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DeMaio concedes defeat to Filner in San Diego mayor's race

Councilman Carl DeMaio, a conservative Republican, trailed U.S. Rep. Bob Filner, a liberal Democrat, 52% to 48%. Filner will succeed Mayor Jerry Sanders.

November 08, 2012|By Tony Perry, Los Angeles Times

SAN DIEGO — City Councilman Carl DeMaio conceded defeat Wednesday to U.S. Rep. Bob Filner in the hard-fought race to succeed Mayor Jerry Sanders.

DeMaio, 38, a conservative Republican, said he remains proud that he was a leader in the movement to reform the financial practices of city government, including curbing "runaway pension costs" and defeating a sales-tax increase.

In unofficial returns, DeMaio trailed Filner, 70, a liberal Democrat, 52% to 48%. DeMaio told supporters that he had called Filner with congratulations. He dodged a question about whether he would ever seek office again.

DeMaio leaves the City Council next month after one term. He said he remains confident that, after a series of fiscal reforms that he helped initiate, the city government would function effectively and become a "great city" through cooperation among various factions.

"There is no Republican or Democrat way to do that, there is no gay or straight way to do that," said DeMaio, who would have been the city's first gay mayor.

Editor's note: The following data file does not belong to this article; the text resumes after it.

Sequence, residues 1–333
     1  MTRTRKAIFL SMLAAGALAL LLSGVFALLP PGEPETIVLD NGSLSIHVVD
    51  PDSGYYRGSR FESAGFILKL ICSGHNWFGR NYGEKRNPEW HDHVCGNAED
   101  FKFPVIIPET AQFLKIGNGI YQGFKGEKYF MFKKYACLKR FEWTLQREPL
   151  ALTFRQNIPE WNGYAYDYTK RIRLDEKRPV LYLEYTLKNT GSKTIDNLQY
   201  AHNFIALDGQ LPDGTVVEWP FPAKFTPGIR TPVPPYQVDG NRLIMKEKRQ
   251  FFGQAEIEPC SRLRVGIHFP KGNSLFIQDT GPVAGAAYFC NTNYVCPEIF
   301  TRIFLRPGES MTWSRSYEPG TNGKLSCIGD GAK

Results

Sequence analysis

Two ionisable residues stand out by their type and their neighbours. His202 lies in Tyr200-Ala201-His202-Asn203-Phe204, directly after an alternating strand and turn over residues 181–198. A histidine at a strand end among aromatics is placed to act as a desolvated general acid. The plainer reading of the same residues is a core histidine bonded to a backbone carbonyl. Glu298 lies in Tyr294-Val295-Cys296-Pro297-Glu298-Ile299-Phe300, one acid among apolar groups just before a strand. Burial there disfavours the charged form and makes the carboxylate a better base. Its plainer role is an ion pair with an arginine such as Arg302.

Sanders, a moderate Republican who succeeded Mayor Dick Murphy, who resigned amid criticism of his handling of the city's financial problems, was termed out. He endorsed DeMaio despite feuds between the two, particularly over DeMaio's opposition in 2010 to a half-cent sales tax boost that Sanders said was critical to maintaining city services. The tax was defeated.

Sanders said that he hoped that Filner "will continue to move our city forward with the kinds of reforms that have fueled San Diego's turnaround."

DeMaio outspent Filner, but Filner was helped by a large Democratic turnout and the fact that Democrats hold a 40% to 27% registration edge over Republicans, with 27% independents.

DeMaio said he will have to do a "deep dive" into the election figures to determine why he lost. But he said the fact that he is gay "wasn't an issue in this campaign."

He shrugged off suggestions that the campaign was particularly vitriolic. "Politics can be rough," he said.

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